"Foul as it is, even hell is defiled by the presence of King John." Matthew Paris wrote that eulogy for the King of England some time after John's demise. It is precisely what it is: an indictment of a man's very core. In the 20th century, a professor demonstrated that the primary chronicle source for King John was inaccurate and his reputation has since improved, but his contemporaries and near contemporaries despised him in letters.
With a few careless strokes of Shakespeare's quill, Richard III went from gallant defender of his brother Edward the IV's realm to child-killing hunchback. He fought valiantly at Bosworth Field but was killed in the conflict after being betrayed by his allies. Henry VII assumed the throne and poor Richard was discarded as fodder for the spite of Tudor chroniclers. Only recently has his star been retrieved from the dustbin of history to be shined and returned to its rightful place.
Thomas Jefferson was hailed for two centuries of American history as a founding father with a warm heart and love for the common man. Then, as if the blinds were removed from a weathered window, his affair with one of his slaves came to light. Monticello mansion became an analogy for all that was wrong with America's early years: a duplicitous standard for freedom and justice. It is hard for a slave owner to be a true advocate for liberty in the mindset of the technological age.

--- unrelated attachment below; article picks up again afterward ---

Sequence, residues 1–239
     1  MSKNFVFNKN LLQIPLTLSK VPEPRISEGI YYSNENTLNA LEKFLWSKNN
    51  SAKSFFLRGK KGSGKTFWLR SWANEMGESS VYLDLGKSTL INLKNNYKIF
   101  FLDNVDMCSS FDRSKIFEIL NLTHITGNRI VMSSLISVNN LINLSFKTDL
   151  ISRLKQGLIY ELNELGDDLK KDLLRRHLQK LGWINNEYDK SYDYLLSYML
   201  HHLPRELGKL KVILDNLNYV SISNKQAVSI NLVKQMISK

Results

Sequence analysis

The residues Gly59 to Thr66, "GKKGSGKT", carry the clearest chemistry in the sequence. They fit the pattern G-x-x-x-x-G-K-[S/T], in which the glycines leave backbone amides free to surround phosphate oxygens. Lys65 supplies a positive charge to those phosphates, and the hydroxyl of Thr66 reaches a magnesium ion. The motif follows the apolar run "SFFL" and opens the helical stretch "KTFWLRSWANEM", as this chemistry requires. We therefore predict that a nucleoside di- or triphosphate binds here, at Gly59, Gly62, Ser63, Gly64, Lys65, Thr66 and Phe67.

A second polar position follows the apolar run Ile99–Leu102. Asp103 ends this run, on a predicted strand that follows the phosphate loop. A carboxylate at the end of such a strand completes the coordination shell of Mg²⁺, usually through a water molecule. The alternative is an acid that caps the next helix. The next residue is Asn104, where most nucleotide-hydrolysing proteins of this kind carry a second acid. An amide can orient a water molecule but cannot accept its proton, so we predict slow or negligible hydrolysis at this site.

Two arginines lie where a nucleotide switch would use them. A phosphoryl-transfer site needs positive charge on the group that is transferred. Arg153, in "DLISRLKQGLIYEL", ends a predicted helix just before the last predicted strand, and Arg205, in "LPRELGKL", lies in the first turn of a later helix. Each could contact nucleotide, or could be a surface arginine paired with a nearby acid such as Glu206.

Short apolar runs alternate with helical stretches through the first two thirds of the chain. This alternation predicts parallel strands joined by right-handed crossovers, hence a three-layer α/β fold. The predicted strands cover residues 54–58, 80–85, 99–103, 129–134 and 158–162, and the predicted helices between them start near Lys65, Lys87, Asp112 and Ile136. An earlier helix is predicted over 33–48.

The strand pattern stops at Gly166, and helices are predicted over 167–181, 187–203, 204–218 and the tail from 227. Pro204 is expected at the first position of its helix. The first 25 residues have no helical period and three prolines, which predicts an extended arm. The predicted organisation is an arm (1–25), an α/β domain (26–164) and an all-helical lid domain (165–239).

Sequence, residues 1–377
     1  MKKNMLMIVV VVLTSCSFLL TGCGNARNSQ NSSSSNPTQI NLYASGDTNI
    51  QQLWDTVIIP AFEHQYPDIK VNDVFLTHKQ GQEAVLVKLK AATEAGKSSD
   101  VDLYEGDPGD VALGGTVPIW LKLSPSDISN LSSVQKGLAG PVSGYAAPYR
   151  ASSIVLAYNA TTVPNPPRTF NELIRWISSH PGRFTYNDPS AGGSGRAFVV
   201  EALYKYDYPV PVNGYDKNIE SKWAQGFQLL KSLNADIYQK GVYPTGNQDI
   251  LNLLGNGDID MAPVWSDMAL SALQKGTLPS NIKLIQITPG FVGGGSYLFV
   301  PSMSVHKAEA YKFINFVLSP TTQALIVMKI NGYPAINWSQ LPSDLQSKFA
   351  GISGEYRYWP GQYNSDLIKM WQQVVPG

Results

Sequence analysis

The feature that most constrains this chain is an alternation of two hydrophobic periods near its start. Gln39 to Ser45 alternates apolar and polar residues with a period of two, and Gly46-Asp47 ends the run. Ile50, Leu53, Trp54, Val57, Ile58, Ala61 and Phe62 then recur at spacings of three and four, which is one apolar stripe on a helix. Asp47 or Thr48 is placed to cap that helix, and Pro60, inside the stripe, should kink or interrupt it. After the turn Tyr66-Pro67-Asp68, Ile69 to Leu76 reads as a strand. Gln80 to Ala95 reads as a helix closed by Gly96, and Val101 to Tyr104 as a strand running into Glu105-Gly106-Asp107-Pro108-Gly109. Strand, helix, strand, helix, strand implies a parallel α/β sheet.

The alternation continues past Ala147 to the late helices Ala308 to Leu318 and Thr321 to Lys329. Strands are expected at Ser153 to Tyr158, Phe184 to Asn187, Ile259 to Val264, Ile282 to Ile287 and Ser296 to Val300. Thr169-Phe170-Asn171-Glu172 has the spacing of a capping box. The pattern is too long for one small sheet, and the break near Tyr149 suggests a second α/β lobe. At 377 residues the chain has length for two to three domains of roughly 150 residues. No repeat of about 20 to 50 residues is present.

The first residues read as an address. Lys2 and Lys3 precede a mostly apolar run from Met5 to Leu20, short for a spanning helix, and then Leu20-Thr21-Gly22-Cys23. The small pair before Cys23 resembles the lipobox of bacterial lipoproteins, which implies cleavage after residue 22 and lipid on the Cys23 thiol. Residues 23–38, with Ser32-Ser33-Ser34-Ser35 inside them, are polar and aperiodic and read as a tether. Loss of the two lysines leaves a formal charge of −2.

Adolf Hitler killed six million people of Jewish heritage because he sought some twisted final solution. He was universally, and rightly, reviled. His Soviet contemporary received a temporary pass on judgment for killing 10 million Russians because he allied with the "West" in World War II. Now, "Uncle Joe" is essentially viewed in the same light as Hitler, even though most people would say that Hitler was worse in spite of having killed fewer people over a shorter time span.
History has an interesting way of revealing — or concealing, as the case may be — the truth about the events in which we live. Bill Clinton stood before the cameras and uttered the famous phrase "I did not have sexual relations with that woman." Most people now concede that the impeachment process against Clinton was a little over the top. Yet almost all will agree that he will be remembered most as the president who introduced his sex life into the Oval Office.
In the Virgin Islands, we seem to be under the Chinese curse that wishes people to live in interesting times. From the inside, we can only see frightfully appalling circumstances. We hear and read more bad news and discuss more controversial decisions every day. One wonders who, at the end of the day, will be labeled as the bad guys.
It is a good thing to be able to sleep with a clear conscience.
Editor's note: Bill Turner is a writer, a former history teacher and the executive director of the St. Croix Environmental Association. He writes a daily commentary on events in the Virgin Islands that can be accessed at V.I. Buzz.
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